Unified Communication, Inc

B-407273.15: Nov 19, 2013

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Unified Communication, Inc. (UCI), of McLean, Virginia, protests the Department of Homeland Security's (DHS) decision not to award the firm a contract under request for proposals (RFP) No. HSHQDC-11-R-10001, which DHS issued for information technology services. The protester challenges the agency's best value award decision that resulted in awards to seven other offerors.

We deny the protest.


Matter of: Unified Communication, Inc

File: B-407273.15

Date: November 19, 2013

Jovanna Reyes, for the protester.
Patrick T. Rothwell, Esq., Piliero Mazza PLLC, for T-Rex Consulting Corporation, an intervenor.
Charles K. Bucknor Jr., Esq., Department of Homeland Security, for the agency.
Noah B. Bleicher, Esq., and Sharon L. Larkin, Esq., Office of the General Counsel, GAO, participated in the preparation of the decision.


Protest challenging agency’s best value award decision is denied where the tradeoff analysis was reasonable, well-documented, and consistent with the solicitation.


Unified Communication, Inc. (UCI), of McLean, Virginia, protests the Department of Homeland Security’s (DHS) decision not to award the firm a contract under request for proposals (RFP) No. HSHQDC-11-R-10001, which DHS issued for information technology services. The protester challenges the agency’s best value award decision that resulted in awards to seven other offerors.

We deny the protest.[1]


The solicitation at issue is for the second generation of DHS’s enterprise acquisition gateway for leading-edge solutions (EAGLE II) program. The RFP provided for multiple awards of indefinite-delivery/indefinite-quantity contracts under which fixed-price, cost-reimbursement, time and materials, or labor hour task orders for department-wide information technology services could be issued.[2] RFP at 2. The RFP, which had an unrestricted and a small business set-aside track, provided for a “manageable number of awards” under each track, each for a 5-year base period and a single 2-year option period. RFP at 2, 106. Within each track, offerors compete for awards in one of three functional categories.[3] RFP at 106. This protest concerns the agency’s decision not to award UCI a contract under the small business track for functional category 1.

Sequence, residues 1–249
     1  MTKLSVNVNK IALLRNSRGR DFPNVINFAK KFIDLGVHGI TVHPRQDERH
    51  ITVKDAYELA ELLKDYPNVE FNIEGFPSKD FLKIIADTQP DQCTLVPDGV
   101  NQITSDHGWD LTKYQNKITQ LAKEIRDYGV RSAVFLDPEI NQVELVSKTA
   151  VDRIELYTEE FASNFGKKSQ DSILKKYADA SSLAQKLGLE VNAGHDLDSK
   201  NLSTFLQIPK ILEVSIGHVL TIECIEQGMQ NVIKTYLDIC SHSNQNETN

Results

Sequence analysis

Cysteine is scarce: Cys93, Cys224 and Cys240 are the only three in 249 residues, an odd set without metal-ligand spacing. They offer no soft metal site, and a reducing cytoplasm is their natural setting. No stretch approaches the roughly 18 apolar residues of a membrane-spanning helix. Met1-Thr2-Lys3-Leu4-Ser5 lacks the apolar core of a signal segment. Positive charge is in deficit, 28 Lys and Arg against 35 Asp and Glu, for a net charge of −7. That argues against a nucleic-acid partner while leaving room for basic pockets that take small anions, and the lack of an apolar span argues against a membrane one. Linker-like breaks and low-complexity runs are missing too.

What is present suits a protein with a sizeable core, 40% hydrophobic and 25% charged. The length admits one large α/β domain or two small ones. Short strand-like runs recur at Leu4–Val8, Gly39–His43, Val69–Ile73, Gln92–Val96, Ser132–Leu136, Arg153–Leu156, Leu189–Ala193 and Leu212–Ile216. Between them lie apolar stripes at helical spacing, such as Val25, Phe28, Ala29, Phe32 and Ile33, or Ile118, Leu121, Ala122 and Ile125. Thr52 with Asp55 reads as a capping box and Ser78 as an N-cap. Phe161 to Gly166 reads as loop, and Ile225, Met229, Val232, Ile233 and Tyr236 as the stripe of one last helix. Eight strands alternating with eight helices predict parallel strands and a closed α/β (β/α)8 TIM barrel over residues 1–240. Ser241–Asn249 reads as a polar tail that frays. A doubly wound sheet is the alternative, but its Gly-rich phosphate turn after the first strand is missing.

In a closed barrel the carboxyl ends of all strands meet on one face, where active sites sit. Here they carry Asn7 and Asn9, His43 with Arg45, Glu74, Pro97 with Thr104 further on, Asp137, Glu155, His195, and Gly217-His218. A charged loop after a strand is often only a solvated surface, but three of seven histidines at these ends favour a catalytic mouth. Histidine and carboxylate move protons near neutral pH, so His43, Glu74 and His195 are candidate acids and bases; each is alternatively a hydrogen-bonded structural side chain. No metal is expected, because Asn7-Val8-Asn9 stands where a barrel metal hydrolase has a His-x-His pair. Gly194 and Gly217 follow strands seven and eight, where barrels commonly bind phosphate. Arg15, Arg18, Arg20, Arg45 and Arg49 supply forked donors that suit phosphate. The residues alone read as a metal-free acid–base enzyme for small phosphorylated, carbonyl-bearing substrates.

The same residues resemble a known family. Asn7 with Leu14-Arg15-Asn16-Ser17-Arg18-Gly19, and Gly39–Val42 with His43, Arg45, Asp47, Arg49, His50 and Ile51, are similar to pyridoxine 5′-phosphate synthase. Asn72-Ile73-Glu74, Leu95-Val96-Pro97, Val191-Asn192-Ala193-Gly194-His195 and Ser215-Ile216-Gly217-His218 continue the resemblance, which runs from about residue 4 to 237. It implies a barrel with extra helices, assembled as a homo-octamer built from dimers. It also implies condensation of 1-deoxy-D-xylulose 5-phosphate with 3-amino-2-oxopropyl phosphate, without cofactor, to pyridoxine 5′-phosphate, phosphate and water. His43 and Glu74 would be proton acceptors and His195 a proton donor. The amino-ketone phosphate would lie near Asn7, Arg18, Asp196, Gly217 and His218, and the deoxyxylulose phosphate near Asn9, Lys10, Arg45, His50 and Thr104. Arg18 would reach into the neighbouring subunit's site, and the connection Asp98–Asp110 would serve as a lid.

The RFP advised offerors that award would be made on a best-value basis considering price and the following non-price factors, which the RFP listed in descending order of importance: corporate experience, past performance, program management and staffing. RFP at 105-106. The non-price factors, when combined, where “significantly more important than price.” RFP at 107. Pursuant to the RFP, award would be made to the offerors whose proposals were deemed most advantageous to the government. RFP at 105.

Thirty-five offerors, including UCI, submitted proposals in the historically underutilized business zone (HUBZone) track for functional category 1.[4] Agency Report (AR), Tab 14, Source Selection Evaluation Board Report, at 9. A technical evaluation panel (TEP) evaluated the technical proposals and assigned adjectival ratings under each of the factors.[5] A business management and price evaluation panel (BMPEP) evaluated price proposals for accuracy, completeness, and reasonableness. AR, Tab 5(a), Source Selection Evaluation Plan, at 19. UCI’s proposal was rated as follows:

Corporate Experience Rating

Past Performance Rating

Program Management Rating

Staffing Rating

Total Evaluated Price







See AR, Tab 14, Source Selection Decision Memorandum, attach. B, Technical Evaluation Report, at 5. The TEP and BMPEP presented their consensus findings in reports to the source selection evaluation board (SSEB).